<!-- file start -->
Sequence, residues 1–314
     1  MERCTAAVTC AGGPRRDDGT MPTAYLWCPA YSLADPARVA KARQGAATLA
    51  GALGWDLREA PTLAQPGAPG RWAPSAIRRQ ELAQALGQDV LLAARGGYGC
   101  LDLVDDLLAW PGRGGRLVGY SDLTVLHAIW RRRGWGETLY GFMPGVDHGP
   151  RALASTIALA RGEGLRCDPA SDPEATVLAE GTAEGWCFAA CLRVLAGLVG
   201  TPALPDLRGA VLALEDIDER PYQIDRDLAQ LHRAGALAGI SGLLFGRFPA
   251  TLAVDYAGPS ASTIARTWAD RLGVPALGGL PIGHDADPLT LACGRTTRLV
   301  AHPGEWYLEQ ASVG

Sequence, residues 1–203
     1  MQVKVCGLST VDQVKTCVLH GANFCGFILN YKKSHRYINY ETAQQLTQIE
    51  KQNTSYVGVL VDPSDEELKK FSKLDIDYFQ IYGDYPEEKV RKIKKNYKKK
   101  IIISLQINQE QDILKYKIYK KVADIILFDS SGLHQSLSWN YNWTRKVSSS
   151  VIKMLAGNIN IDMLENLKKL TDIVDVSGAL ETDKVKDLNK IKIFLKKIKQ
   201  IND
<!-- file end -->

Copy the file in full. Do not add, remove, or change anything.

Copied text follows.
Sequence, residues 1–314
     1  MERCTAAVTC AGGPRRDDGT MPTAYLWCPA YSLADPARVA KARQGAATLA
    51  GALGWDLREA PTLAQPGAPG RWAPSAIRRQ ELAQALGQDV LLAARGGYGC
   101  LDLVDDLLAW PGRGGRLVGY SDLTVLHAIW RRRGWGETLY GFMPGVDHGP
   151  RALASTIALA RGEGLRCDPA SDPEATVLAE GTAEGWCFAA CLRVLAGLVG
   201  TPALPDLRGA VLALEDIDER PYQIDRDLAQ LHRAGALAGI SGLLFGRFPA
   251  TLAVDYAGPS ASTIARTWAD RLGVPALGGL PIGHDADPLT LACGRTTRLV
   301  AHPGEWYLEQ ASVG

Sequence, residues 1–203
     1  MQVKVCGLST VDQVKTCVLH GANFCGFILN YKKSHRYINY ETAQQLTQIE
    51  KQNTSYVGVL VDPSDEELKK FSKLDIDYFQ IYGDYPEEKV RKIKKNYKKK
   101  IIISLQINQE QDILKYKIYK KVADIILFDS SGLHQSLSWN YNWTRKVSSS
   151  VIKMLAGNIN IDMLENLKKL TDIVDVSGAL ETDKVKDLNK IKIFLKKIKQ
   201  IND